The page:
Charlie Daniels slams the race baiters and drops some common sense into the Confederate flag debate in this epic screed.
The bottom line is that the flag in question represents one thing to some people and another thing to others.
Far be it from me to advise the people of South Carolina or any other state as to what they should fly over their capitol buildings, or anywhere else in the state for that matter, but I truly hate to see the opportunists move in and create a symbol of hate out of a simple piece of cloth.
Of course, we know most politicians are going to chime in and glean whatever political hay that is available, but in my book, the corporate rush to rid their shelves of anything with the Confederate battle flag on it is pure hypocrisy.
If they felt that deeply about the subject, they should have done something years ago, and I notice they have no problem accepting the profits from the merchandise they have on hand.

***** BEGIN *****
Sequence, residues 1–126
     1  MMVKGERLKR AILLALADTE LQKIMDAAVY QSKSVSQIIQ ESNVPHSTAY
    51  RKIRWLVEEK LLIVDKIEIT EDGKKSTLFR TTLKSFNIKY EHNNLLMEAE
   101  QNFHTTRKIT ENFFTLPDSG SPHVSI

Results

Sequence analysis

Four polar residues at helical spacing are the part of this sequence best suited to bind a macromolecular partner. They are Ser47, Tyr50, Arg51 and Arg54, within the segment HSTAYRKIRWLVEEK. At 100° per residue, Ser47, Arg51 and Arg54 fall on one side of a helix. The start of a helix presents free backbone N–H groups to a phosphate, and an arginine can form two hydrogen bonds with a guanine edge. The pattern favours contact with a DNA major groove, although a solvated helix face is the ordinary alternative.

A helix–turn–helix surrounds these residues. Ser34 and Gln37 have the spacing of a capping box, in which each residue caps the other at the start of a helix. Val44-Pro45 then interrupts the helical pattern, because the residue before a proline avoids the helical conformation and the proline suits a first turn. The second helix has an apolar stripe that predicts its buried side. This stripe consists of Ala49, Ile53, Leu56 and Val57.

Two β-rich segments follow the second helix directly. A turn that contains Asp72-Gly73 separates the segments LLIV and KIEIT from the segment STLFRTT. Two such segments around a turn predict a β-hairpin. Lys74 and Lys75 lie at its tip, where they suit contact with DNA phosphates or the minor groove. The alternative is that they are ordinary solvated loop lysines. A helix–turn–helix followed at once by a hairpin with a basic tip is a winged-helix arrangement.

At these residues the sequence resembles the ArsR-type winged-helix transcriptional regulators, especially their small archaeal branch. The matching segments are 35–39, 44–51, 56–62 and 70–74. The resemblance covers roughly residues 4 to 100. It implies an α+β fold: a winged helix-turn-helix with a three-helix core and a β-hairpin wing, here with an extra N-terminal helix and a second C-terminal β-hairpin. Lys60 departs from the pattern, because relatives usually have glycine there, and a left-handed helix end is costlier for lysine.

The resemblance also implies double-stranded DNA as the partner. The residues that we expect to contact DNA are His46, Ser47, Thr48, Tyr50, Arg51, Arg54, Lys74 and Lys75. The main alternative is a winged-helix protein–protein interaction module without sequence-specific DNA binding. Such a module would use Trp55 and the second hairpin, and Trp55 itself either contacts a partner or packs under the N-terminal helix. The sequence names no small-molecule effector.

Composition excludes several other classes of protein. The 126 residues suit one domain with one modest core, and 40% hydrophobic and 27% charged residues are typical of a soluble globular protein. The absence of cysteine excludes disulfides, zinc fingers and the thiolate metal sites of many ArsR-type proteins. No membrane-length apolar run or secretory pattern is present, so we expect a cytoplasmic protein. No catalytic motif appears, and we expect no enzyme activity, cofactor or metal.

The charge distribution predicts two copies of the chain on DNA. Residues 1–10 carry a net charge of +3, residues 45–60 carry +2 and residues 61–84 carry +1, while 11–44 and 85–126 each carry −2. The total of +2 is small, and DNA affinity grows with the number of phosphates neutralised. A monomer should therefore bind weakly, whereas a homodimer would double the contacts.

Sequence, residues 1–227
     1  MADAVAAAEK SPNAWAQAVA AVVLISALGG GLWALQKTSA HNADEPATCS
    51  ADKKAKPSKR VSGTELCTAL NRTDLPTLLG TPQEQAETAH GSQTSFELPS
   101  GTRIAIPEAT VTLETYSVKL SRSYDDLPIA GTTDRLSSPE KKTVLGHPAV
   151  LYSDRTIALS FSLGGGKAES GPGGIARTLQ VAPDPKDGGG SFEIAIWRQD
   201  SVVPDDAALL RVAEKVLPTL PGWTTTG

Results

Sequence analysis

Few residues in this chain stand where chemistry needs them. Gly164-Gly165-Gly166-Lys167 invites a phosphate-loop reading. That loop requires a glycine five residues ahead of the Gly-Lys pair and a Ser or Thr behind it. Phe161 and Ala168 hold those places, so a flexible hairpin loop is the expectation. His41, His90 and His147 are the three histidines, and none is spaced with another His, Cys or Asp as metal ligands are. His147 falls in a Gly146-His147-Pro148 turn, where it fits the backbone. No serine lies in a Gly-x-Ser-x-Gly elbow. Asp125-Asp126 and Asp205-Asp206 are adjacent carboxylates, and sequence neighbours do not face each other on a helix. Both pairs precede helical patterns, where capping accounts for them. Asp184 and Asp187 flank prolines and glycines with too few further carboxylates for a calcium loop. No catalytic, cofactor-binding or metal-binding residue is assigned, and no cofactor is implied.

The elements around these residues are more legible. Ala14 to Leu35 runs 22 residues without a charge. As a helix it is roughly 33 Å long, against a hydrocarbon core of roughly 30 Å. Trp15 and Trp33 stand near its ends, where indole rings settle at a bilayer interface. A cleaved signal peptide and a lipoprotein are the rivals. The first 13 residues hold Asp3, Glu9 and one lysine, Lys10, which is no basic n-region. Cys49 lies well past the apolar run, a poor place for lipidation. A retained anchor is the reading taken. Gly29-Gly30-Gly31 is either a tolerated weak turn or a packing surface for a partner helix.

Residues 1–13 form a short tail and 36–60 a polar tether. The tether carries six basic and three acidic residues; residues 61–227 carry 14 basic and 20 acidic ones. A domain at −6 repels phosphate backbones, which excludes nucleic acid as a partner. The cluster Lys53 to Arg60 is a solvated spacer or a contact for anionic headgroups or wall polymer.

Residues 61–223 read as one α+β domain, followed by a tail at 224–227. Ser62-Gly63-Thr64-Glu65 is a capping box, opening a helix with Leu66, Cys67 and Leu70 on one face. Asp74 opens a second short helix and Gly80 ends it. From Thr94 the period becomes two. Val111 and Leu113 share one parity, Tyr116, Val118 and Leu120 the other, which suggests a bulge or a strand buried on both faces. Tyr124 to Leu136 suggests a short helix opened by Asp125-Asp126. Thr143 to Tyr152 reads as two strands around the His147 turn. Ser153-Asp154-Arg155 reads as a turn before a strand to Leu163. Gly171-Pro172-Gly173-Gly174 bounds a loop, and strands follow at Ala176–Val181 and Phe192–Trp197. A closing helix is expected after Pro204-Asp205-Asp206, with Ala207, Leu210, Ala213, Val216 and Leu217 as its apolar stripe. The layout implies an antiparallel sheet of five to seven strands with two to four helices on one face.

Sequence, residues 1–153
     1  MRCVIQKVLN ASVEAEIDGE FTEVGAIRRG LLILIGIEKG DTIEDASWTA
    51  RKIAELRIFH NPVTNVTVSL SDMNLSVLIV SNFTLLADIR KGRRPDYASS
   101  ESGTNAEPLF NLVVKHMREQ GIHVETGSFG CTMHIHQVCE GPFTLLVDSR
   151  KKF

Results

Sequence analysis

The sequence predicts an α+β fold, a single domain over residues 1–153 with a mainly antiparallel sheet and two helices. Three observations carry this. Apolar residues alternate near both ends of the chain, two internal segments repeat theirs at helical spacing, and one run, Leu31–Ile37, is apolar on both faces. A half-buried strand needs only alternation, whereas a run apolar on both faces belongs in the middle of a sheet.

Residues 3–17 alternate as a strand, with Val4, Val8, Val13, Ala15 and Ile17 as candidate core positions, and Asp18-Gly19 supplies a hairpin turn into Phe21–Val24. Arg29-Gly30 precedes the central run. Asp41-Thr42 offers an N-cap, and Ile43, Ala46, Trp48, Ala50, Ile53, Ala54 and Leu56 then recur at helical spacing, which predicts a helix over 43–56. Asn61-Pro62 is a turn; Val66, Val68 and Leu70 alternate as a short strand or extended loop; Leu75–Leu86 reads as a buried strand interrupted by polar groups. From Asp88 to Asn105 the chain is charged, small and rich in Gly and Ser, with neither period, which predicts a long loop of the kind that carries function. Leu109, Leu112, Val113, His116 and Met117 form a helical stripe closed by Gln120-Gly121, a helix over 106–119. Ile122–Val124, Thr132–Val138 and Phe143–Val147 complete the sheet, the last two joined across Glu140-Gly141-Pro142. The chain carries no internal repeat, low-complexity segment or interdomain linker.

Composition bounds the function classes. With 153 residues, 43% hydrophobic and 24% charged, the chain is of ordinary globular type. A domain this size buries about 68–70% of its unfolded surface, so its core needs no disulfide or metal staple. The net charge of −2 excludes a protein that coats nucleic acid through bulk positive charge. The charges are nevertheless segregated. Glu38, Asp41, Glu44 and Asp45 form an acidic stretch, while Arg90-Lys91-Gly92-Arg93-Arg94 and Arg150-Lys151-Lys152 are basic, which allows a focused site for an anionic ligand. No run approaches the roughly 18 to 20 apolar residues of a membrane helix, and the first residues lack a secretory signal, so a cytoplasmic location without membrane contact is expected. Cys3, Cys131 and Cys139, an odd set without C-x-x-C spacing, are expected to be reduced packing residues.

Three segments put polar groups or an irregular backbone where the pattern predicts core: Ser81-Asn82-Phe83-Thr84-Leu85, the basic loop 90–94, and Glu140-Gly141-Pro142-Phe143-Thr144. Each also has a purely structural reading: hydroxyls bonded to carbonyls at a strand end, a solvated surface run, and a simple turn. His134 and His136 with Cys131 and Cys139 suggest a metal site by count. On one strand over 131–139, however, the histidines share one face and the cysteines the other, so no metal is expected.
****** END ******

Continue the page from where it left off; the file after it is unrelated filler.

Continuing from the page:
The Confederate battle flag was a sign of defiance, a sign of pride, a declaration of a geographical area that you were proud to be from.
That’s all it is to me and all it has ever been to me.
I can’t speak for all, but I know in my heart that most Southerners feel the same way.
I have no desire to reinstate the Confederacy. I oppose slavery as vehemently as any man, and I believe that every human being, regardless of the color of their skin, is just as valuable as I am and deserves the exact same rights and advantages as I do.
I feel that this controversy desperately needs to be settled without federal interference and input from race baiters like Al Sharpton. It’s up to the individual states as to what they allow to be a part of their public image. What the majority of the people of any given state want should, in my opinion, be their policy.
Unfortunately, the Confederate battle flag has been adopted by hate groups – and individuals like Dylann Roof – to supposedly represent them and their hateful view of the races.
Please believe me when I say that, to the overwhelming majority of Southerners, the flag represents no such thing, but is simply a banner denoting an area of the nation and one’s pride in living there.
Read more: CNS News